Leukemia is a cancer of the blood or bone marrow characterized by an abnormal proliferation of blood cells, usually white blood cells (leukocytes). It is part of the broad group of diseases called hematological neoplasms. Damage to the bone marrow, by way of displacing the normal marrow cells with increasing numbers of malignant cells, results in a lack of blood platelets, which are important in the blood clotting process. This means people with leukemia may become bruised, bleed excessively, or develop pinprick bleeds (petechiae).
White blood cells, which are involved in fighting pathogens, may be suppressed or dysfunctional, putting the patient at the risk of developing infections.
Finally, the red blood cell deficiency leads to anemia, which may cause dyspnea. All symptoms may also be attributable to other diseases; for diagnosis, blood tests and a bone marrow biopsy are required.
•fever, chills and other flu-like symptoms
•weakness and fatigue
•loss of appetite (weight)
•swollen or bleeding gums
•neurological symptoms (headache)
•enlarged liver and spleen
Acute vs. Chronic Leukemia
Leukemia is clinically and pathologically split in to its acute and chronic forms.
Acute leukemia is characterized by the rapid growth of immature blood cells. This crowding makes the bone marrow unable to produce healthy blood cells. Acute forms of leukemia can occur in children and young adults. (In fact, it is a more common cause of death for children in the U.S. than any other type of malignant disease). Immediate treatment is required in acute leukemias due to the rapid progression and accumulation of the malignant cells, which then spill over into the bloodstream and spread to other organs of the body. If left untreated, the patient will die within months or even weeks.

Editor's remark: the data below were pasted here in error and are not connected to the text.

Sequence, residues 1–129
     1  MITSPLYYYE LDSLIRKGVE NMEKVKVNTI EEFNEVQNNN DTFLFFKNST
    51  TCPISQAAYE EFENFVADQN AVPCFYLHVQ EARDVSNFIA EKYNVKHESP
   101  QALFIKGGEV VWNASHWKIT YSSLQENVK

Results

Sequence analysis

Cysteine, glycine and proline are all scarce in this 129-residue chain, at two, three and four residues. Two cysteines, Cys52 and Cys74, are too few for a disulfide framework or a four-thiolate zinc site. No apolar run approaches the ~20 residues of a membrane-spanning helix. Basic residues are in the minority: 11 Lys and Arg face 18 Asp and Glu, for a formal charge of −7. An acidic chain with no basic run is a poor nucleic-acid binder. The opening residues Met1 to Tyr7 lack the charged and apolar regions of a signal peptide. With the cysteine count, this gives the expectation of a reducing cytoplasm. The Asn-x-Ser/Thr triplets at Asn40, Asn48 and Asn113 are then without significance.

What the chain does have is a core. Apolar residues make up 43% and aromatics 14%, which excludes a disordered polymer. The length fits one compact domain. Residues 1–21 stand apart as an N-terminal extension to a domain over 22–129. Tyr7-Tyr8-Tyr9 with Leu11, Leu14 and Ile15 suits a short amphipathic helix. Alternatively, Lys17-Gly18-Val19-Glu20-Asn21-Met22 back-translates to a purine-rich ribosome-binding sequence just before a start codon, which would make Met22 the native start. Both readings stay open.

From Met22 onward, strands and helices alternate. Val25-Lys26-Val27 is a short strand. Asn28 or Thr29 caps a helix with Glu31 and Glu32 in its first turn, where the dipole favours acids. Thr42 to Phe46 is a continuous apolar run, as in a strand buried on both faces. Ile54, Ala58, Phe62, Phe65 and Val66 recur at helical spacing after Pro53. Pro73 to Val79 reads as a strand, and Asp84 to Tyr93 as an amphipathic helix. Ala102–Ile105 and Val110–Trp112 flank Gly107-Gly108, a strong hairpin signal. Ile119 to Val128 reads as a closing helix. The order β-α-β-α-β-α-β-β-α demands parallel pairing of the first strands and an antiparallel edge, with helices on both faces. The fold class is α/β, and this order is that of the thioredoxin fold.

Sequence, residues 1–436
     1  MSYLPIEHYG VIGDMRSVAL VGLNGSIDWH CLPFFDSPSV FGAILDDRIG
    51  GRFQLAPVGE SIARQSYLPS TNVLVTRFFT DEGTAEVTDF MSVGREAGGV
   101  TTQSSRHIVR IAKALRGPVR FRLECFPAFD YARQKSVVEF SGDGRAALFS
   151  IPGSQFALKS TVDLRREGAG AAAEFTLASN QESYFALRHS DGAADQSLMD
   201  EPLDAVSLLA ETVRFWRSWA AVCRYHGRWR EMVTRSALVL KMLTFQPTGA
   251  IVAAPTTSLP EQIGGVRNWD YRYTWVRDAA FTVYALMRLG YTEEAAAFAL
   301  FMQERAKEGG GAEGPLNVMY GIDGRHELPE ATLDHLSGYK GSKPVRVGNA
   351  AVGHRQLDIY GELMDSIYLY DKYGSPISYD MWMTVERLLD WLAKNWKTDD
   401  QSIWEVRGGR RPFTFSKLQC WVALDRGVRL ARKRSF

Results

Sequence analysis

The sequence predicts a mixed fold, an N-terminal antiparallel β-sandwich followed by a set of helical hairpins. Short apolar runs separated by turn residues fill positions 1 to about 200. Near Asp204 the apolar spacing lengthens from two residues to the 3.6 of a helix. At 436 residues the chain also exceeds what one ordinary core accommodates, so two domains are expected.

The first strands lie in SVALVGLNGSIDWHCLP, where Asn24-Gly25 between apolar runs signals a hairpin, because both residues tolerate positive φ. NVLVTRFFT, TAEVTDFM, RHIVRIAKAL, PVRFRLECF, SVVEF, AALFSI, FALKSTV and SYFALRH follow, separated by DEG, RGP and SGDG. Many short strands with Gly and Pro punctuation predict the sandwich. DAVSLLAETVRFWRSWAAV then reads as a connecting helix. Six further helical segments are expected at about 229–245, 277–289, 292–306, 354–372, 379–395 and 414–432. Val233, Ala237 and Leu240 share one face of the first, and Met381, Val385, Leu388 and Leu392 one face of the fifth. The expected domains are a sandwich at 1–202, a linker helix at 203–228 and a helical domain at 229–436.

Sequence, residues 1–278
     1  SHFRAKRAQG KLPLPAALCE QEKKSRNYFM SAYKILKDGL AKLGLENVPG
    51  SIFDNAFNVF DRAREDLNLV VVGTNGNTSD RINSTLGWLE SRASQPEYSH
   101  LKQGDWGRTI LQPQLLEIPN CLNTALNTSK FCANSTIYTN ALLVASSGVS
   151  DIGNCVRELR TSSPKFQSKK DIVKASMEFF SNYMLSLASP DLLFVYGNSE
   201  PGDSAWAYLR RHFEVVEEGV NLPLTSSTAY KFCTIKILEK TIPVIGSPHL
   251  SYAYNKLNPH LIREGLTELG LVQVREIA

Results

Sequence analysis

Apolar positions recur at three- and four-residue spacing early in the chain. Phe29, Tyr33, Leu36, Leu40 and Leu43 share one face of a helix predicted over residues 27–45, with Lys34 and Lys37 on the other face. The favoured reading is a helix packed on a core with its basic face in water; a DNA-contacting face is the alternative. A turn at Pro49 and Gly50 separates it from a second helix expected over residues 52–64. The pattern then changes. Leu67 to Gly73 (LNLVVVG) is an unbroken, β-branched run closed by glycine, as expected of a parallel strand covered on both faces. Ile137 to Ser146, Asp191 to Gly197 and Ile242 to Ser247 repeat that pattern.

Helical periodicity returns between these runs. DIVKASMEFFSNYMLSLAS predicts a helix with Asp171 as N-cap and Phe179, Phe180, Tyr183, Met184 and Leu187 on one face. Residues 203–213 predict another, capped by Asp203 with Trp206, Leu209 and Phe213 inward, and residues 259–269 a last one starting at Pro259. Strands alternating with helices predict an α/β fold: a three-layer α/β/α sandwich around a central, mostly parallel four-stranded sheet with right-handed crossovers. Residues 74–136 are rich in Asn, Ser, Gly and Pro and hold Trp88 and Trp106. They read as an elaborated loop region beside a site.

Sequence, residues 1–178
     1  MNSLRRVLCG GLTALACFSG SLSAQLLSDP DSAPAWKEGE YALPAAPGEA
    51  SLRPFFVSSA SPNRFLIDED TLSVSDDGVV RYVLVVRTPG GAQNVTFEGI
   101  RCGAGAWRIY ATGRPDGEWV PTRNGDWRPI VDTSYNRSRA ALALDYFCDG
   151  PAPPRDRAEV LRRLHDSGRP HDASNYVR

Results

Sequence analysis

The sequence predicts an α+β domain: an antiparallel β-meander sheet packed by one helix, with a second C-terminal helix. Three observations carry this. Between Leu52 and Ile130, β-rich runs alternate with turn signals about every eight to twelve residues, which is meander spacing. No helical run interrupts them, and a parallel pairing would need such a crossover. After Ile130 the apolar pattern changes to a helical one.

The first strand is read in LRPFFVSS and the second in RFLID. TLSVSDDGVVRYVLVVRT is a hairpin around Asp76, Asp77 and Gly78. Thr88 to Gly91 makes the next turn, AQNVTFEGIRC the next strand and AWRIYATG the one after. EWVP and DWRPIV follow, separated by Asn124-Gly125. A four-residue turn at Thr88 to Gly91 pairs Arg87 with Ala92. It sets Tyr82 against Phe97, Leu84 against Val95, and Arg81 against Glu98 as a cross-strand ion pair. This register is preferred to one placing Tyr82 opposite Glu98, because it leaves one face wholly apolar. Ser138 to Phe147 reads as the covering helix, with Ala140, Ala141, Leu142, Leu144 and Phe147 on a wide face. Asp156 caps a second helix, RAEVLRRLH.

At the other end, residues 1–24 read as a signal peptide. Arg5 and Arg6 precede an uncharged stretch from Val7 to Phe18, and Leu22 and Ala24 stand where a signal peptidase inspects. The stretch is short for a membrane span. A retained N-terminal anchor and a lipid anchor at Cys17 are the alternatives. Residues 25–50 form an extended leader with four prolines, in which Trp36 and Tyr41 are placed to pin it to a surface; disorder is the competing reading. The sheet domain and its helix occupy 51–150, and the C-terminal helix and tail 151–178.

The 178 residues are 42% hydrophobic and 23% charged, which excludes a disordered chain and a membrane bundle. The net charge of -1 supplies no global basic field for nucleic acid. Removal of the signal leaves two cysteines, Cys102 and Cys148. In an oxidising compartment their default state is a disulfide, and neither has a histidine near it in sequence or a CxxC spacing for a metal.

Chronic leukemia is distinguished by the excessive build up of relatively mature, but still abnormal, blood cells. Typically taking months to years to progress, the cells are produced at a much higher rate than normal cells, resulting in many abnormal white blood cells in the blood. Chronic leukemia mostly occurs in older people, but can theoretically occur in any age group. Whereas acute leukemia must be treated immediately, chronic forms are sometimes monitored for some time before treatment to ensure maximum effectiveness of therapy.
Lymphoid vs. Myeloid
Furthermore, the diseases are classified according to the type of abnormal cell found most in the blood.
When leukemia affects lymphoid cells (lymphocytes and plasma cells), it is called lymphocytic leukemia.
When myeloid cells (eosinophils, neutrophils, and basophils) are affected, the disease is called myeloid or myelogenous leukemia.